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Teflon Coats Public Agency Environmental Science

Jackson Sought to Have New Jersey PFOA Study Pulled from Publication

WASHINGTON - New Jersey state scientists had to run a political gauntlet to
publish a risk assessment on a chemical that has spread to contaminate
drinking water in several states, according to documents posted today
by Public Employees for Environmental Responsibility (PEER). One
official seeking to block publication of the study was Lisa Jackson,
then the state environmental commissioner and now head of the U.S.
Environmental Protection Agency.

The controversy concerns perfluorooctanoic acid (PFOA), a
chemical used in nonstick cookware and stain resistant fabrics, such as
"Scotchgard". PFOAs do not break down in the environment and thus build
up in the body. Although concentrations of PFOA in drinking water are
relatively low, ingestion of PFOA-tainted water multiplies blood
concentration 100-fold higher. Among other effects, PFOAs disrupt human
hormone and reproductive systems at blood levels as low as four parts
per billion.

In October 2008, a PFOA risk assessment paper prepared by New Jersey
Department of Environmental protection scientists was "pulled from
submission for publication" under orders from then DEP Commissioner
Jackson. Her rationale was the need for additional peer review, even
though the paper had already been peer reviewed and was undergoing
vetting before publication in the prestigious peer review journal
Environmental Science & Technology.

Several months after Jackson left DEP, the study, entitled
"Occurrence and Potential Significance of Perfluorooctanoic Acid (PFOA)
Detected in New Jersey Public Drinking Water Systems", was eventually
published in the journal's May 8, 2009 edition. Despite this risk
assessment evidencing the need for stricter standards, New Jersey has
yet to incorporate it into drinking water limits. Neither has EPA,
which is grappling with the issue now under Jackson.

Significantly, before she left Jackson instituted several changes at
DEP that make it far more difficult for public agency environmental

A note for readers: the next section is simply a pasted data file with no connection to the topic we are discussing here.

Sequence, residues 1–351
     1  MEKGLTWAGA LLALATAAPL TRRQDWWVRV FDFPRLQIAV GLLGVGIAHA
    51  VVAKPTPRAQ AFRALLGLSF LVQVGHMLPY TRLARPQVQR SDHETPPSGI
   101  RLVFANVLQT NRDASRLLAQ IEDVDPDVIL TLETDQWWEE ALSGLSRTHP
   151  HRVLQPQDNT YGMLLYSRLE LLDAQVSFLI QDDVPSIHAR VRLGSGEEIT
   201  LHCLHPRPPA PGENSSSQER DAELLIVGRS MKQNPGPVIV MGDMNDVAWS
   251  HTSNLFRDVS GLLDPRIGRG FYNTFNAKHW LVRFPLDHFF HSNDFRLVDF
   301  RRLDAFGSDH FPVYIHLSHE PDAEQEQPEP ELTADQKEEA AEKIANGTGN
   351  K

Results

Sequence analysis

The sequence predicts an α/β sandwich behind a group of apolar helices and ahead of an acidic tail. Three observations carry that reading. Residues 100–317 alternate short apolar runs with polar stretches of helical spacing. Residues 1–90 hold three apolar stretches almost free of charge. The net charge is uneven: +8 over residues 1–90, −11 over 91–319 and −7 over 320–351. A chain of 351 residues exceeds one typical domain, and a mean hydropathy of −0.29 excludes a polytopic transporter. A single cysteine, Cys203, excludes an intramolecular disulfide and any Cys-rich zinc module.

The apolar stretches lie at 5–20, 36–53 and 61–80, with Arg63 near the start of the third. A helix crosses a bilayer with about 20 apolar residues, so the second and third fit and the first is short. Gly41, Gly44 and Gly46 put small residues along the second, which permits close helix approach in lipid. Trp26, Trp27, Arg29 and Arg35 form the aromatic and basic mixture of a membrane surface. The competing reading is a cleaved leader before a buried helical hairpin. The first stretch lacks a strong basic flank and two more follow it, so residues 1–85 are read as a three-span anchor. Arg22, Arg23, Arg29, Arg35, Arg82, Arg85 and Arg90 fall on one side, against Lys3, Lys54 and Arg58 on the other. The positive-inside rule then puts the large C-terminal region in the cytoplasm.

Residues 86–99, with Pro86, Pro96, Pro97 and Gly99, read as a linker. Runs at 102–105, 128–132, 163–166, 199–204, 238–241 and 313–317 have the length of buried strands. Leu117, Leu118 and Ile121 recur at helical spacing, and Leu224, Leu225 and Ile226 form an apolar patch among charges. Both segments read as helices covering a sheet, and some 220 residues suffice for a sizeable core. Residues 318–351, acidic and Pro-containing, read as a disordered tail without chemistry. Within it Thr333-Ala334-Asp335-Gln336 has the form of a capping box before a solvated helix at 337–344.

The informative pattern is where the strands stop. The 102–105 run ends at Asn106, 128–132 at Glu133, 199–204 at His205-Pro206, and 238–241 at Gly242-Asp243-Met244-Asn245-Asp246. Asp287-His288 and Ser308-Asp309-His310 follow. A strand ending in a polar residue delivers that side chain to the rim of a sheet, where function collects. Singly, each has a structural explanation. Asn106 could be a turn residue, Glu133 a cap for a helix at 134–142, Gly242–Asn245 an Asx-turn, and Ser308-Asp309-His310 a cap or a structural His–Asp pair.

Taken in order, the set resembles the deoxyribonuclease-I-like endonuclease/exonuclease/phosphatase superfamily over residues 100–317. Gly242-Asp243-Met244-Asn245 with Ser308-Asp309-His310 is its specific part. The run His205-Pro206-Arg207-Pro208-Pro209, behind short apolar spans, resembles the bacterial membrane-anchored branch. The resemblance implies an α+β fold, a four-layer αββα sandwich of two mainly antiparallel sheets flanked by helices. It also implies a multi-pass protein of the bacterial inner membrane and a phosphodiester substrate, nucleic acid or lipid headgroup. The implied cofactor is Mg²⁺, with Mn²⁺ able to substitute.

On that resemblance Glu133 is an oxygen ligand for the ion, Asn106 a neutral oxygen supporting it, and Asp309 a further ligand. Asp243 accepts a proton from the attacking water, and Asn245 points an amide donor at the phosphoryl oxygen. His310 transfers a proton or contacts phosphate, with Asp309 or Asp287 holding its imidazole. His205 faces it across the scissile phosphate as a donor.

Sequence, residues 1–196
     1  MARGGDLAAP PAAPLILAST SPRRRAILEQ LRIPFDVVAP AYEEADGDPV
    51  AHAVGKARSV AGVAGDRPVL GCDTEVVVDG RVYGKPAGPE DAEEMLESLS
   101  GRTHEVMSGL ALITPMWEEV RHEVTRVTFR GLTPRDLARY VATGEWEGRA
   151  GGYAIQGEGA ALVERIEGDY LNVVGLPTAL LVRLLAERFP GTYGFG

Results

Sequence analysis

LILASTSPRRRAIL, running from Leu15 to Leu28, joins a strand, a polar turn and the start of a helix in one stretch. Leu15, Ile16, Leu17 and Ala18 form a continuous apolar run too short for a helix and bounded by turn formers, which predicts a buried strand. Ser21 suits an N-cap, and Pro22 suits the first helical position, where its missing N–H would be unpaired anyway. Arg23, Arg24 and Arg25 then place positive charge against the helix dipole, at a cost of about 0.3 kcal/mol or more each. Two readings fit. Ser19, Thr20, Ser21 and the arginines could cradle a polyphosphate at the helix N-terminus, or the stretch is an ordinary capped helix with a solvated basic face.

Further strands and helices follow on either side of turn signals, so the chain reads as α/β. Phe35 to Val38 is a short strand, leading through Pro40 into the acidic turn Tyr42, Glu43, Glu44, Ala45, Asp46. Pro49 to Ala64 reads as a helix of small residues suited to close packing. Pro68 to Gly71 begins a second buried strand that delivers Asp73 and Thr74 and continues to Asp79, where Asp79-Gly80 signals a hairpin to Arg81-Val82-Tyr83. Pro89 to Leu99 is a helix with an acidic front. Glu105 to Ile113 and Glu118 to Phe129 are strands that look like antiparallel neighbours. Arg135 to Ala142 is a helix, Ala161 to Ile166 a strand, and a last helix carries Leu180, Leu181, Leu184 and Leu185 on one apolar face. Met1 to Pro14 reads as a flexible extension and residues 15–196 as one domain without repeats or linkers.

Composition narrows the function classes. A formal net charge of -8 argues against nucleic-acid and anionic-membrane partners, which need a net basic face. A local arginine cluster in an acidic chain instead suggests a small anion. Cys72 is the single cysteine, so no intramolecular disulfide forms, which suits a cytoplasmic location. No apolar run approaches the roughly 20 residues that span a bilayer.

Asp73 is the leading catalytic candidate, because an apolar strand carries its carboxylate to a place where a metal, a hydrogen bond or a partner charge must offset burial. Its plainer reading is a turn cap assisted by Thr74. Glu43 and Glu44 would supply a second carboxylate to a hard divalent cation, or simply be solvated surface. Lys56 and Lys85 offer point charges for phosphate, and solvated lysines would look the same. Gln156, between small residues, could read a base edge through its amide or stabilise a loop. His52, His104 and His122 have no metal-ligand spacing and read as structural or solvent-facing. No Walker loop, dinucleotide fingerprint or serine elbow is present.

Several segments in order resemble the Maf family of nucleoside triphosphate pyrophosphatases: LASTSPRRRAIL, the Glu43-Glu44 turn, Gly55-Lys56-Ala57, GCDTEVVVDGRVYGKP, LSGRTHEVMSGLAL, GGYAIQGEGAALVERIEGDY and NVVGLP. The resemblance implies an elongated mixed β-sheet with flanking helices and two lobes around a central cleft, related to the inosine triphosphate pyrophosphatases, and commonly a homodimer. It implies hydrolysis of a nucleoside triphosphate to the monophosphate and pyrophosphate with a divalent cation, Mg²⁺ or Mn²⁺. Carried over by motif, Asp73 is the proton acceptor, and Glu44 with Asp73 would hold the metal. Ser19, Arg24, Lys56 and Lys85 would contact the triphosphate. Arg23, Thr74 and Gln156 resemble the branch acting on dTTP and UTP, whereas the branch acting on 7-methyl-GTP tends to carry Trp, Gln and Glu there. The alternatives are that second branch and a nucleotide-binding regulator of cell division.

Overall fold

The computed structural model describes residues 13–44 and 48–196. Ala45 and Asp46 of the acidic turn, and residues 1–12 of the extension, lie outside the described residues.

science to be published, including:

  • Abolished the DEP Division of Science, Research &
    Technology, thus crippling the ability of the state to perform similar
    scientific studies in the future. In the process, Eileen Murphy, the
    science division director who protested Jackson's attempt to pull the
    study, was removed; and
  • Convened an industry dominated
    Efficiency Task Force and accepted recommendations to promote private
    sector science in agency decision-making; and.
  • Commissioned a body of outside scientists to review and approve all future DEP scientific work

"The goal of industry is to decouple science from the regulatory
process and they are succeeding both in the few states, such as New
Jersey, which had scientific capabilities, and at EPA, as well," stated
PEER Executive Director Jeff Ruch. "As these new chemicals enter first
our water supply and then our bodies, industry has been able to stall
at every step, from risk assessment to regulation and enforcement."

Even with all these strictures on its science, last month DEP officials
imposed new non-disclosure rules requiring approval by political
officials before scientific or technical information is disclosed.


Read the e-mails from Lisa Jackson to stop publication

See the abstract of the eventually published risk assessment

Look at PFOA pollution in state's water supplies

View the DEP call for "exceptional scientists" to serve on advisory board


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